Angus: The literary community comprises many groups this trash fire of an administration seems to be directly targeting: LGBTQ folks, immigrants, people of color, the incarcerated, women, Muslims, the poor, the disabled, the elderly, those with chronic health concerns, all of us who live on this planet, which is rapidly become more and more polluted and threatened. I do feel a need for direct action, and have on a personal level been clocking a lot of time calling senators and representatives and writing letters, as well as donating money, and showing up on the ground to be physically present at protests, marches, and rallies.
From the stance of a publisher, I continue to feel actively engaged in championing writers whose work I believe in, but I admit this year has involved some restructuring as I’ve tried to find new ways to balance the work and energy that publishing entails with that required by activism.
Rumpus: What are your plans moving forward?
Angus: We plan on publishing two books each year, selected through a combination of solicitation and slush pile reading. For instance, this fall we’ll be publishing Alicia Jo Rabins’s second collection of poetry, Fruit Geode, a gorgeous book of poems about motherhood and witchery. And we’ll also be publishing a book that I’ll select from our Open Reading period in January. I love that with BAP’s help we have the support to solicit work from people whose writing I already know and love, but my heart also belongs to the slush pile—it’s such a thrill to be reading submissions from strangers and find a voice among them that speaks to my heart, that resonates and makes me say, Yes, absolutely yes—this manuscript.
Pan: Well, I’m definitely looking forward to a poetry collection from Sheila Maldonado and a book of horror-slash-terror poems from Joe Fletcher, both due out from BAP this year. Last summer we launched Tuff Sunshine’s debut album, Fire in the Hero Building, our first foray into music, and I’m interested in doing more audio, maybe poetry audiobooks, or setting up an online digital performance, or building out an online game. BAP has always been about finding and celebrating interesting art in whatever form it takes and helping it find its viewers.
Rumpus: In addition to being publishers, you are both also poets.
Pan: I came to poetry really early on, when I was five or six years old. I mean, who wasn’t well versed in the poetry of comic genius Shel Silverstein and the inimitable Dr. Seuss? For me, poetry was just another form of storytelling, a way to show moving from here to there. I remember finishing two hand-sewn picture chapbooks in kindergarten, Tom the Alley Cat and Zap. (Zap was a robot; Tom was an alley cat, and my alter ego.) These books danced between poetry and prose, which is where my work still lives.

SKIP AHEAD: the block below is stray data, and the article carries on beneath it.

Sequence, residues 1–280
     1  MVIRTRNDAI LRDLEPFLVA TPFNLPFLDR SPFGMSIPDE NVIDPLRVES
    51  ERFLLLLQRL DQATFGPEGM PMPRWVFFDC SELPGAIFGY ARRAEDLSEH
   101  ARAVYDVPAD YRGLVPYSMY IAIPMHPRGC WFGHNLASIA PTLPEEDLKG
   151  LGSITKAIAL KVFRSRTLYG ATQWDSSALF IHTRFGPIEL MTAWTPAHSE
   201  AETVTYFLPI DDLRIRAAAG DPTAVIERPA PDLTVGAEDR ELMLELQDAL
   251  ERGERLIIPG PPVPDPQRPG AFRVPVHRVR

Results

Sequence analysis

My mother and grandmother are avid storytellers, and so learning how to bend language, test it and play with it and manipulate it, withholding elements from one character while signaling to another something of valuable import, was part of my upbringing. Nobody in my family, like I later did, went to school for writing. We were just poor and liked to impress each other, and stories were magic. Poetry was private magic. I remember reading William Carlos Williams in high school and hating him for not rhyming. I remember falling in love with the dry, stark, but somehow sumptuous imagery of Eliot. Falling in love, abandoning one for another, returning later to check in.
Angus: I was very lucky to be born into a family where poetry was part of our everyday experience. My mother used to read to my sibling and me every night—The Chronicles of Narnia and Sherlock Holmes, but also poetry like William Blake’s “The Tyger” and Alfred Noyes’s “The Highwayman.” My father also used to (and still does!) recite Theodore Roethke’s “The Kitty-Cat Bird” to us at the drop of a hat. Reading and hearing poetry was an important part of my childhood and so, as I grew older, it felt like a natural movement to begin writing it myself.
Photograph of Kate Angus © Dave West.